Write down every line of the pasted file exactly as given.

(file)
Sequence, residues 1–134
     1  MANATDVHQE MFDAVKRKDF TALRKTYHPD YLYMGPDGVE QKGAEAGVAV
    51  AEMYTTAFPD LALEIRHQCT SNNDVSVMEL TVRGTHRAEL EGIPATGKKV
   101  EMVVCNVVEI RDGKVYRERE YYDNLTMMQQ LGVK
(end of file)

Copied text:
Sequence, residues 1–134
     1  MANATDVHQE MFDAVKRKDF TALRKTYHPD YLYMGPDGVE QKGAEAGVAV
    51  AEMYTTAFPD LALEIRHQCT SNNDVSVMEL TVRGTHRAEL EGIPATGKKV
   101  EMVVCNVVEI RDGKVYRERE YYDNLTMMQQ LGVK